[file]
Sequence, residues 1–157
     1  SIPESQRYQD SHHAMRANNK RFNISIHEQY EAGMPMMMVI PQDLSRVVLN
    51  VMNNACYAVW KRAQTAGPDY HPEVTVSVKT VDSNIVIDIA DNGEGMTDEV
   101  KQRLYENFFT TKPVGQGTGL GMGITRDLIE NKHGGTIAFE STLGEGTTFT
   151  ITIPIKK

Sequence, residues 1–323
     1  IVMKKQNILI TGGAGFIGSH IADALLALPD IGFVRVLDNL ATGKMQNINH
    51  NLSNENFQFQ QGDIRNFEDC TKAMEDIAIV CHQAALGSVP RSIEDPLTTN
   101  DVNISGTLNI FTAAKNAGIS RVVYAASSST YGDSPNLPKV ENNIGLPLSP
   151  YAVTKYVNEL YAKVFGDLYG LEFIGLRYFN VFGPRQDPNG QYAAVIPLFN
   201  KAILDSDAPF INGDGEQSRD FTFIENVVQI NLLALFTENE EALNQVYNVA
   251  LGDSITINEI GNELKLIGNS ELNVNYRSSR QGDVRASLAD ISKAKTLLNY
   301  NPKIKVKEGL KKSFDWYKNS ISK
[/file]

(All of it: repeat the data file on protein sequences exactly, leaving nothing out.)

Sequence, residues 1–157
     1  SIPESQRYQD SHHAMRANNK RFNISIHEQY EAGMPMMMVI PQDLSRVVLN
    51  VMNNACYAVW KRAQTAGPDY HPEVTVSVKT VDSNIVIDIA DNGEGMTDEV
   101  KQRLYENFFT TKPVGQGTGL GMGITRDLIE NKHGGTIAFE STLGEGTTFT
   151  ITIPIKK

Sequence, residues 1–323
     1  IVMKKQNILI TGGAGFIGSH IADALLALPD IGFVRVLDNL ATGKMQNINH
    51  NLSNENFQFQ QGDIRNFEDC TKAMEDIAIV CHQAALGSVP RSIEDPLTTN
   101  DVNISGTLNI FTAAKNAGIS RVVYAASSST YGDSPNLPKV ENNIGLPLSP
   151  YAVTKYVNEL YAKVFGDLYG LEFIGLRYFN VFGPRQDPNG QYAAVIPLFN
   201  KAILDSDAPF INGDGEQSRD FTFIENVVQI NLLALFTENE EALNQVYNVA
   251  LGDSITINEI GNELKLIGNS ELNVNYRSSR QGDVRASLAD ISKAKTLLNY
   301  NPKIKVKEGL KKSFDWYKNS ISK